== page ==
Review by Frank Plowright
There’s a very strong case to made for Asterix and the Roman Agent being the best story of the best run in an excellent series.
Since introducing Asterix, René Goscinny and Albert Uderzo had considerably broadened and refined his supporting cast, yet that cast was generally only seen in the opening pages of each volume prior to Asterix and Obelix departing on a mission. Here they take centre stage, and another good recurring gag is added by introducing the wife of Geriatrix, the oldest man in the village. Furthermore, the problem the creators set for the villagers can’t be remedied by a swig of magic potion, and the book features a truly memorable villain.
It rankles with the Roman senate that Caesar consistently demands more funds to conquer new territories when one small part Gaul resists his armies. Yet all attempts to subdue the indomitable Gaulish village by traditional military manoeuvres have failed. It’s suggested he employ one Tortuous Convulvolus, a man with the innate talent of inducing discord, and witnessing his effect among the senators convinces Caesar. Convulvolus is dispatched to Gaul, sowing chaos along his route. For once Asterix and Obelix have no part in sinking the pirate ship.
Goscinny brilliantly builds upon the minor disagreements between the villagers, until almost all become festering bundles of resentment and jealousy, with only Asterix, Obelix and the Druid Getafix standing above the petty conflicts. Uderzo’s depiction of the Roman agent is masterful. He creates an ineffably smug balding little man, and to underline his effect the word balloons of the people he meets are coloured in varying shades of green graded to the intensity of the dispute fermented.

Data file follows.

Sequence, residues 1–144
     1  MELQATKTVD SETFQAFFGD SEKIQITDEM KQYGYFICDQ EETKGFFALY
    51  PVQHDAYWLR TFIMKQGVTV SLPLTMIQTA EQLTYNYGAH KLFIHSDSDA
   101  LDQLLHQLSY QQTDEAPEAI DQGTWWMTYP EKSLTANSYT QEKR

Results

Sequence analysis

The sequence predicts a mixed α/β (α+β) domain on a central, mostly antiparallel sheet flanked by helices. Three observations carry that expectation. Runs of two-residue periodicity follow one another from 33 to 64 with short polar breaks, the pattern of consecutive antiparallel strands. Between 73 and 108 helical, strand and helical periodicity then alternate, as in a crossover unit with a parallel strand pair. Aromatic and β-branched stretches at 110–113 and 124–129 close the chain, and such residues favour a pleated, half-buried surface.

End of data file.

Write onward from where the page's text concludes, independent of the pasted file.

The Roman agent cleverly layers his initial deceit, until the villagers are convinced the Romans now possess the Druid’s magic potion, and Asterix has sold them the secret. The book is bulging with excellent gags, several involving the Chief’s wife Impedimenta. She considers her status entitles her to jump the queue at the fish shop, and rages at her husband “If anyone should be fool enough to write the story of our village they won’t be calling it the Adventures of Vitalstatistix the Gaul”. Near the end, believing themselves to have an advantage, the Romans from all four camps surrounding the Gaulish village unite to invade it. Uderzo masterfully displays the battle in a single landscaped and annotated page, throwing in the pirates for good measure.
Once they’d established their cast and formula Goscinny and Underzo hit such a rich vein of form, turning out one immaculately plotted, gag-packed, impeccably drawn book after another, that selecting the best of them amounts to personal choice. Asterix and the Roman Agent would be mine.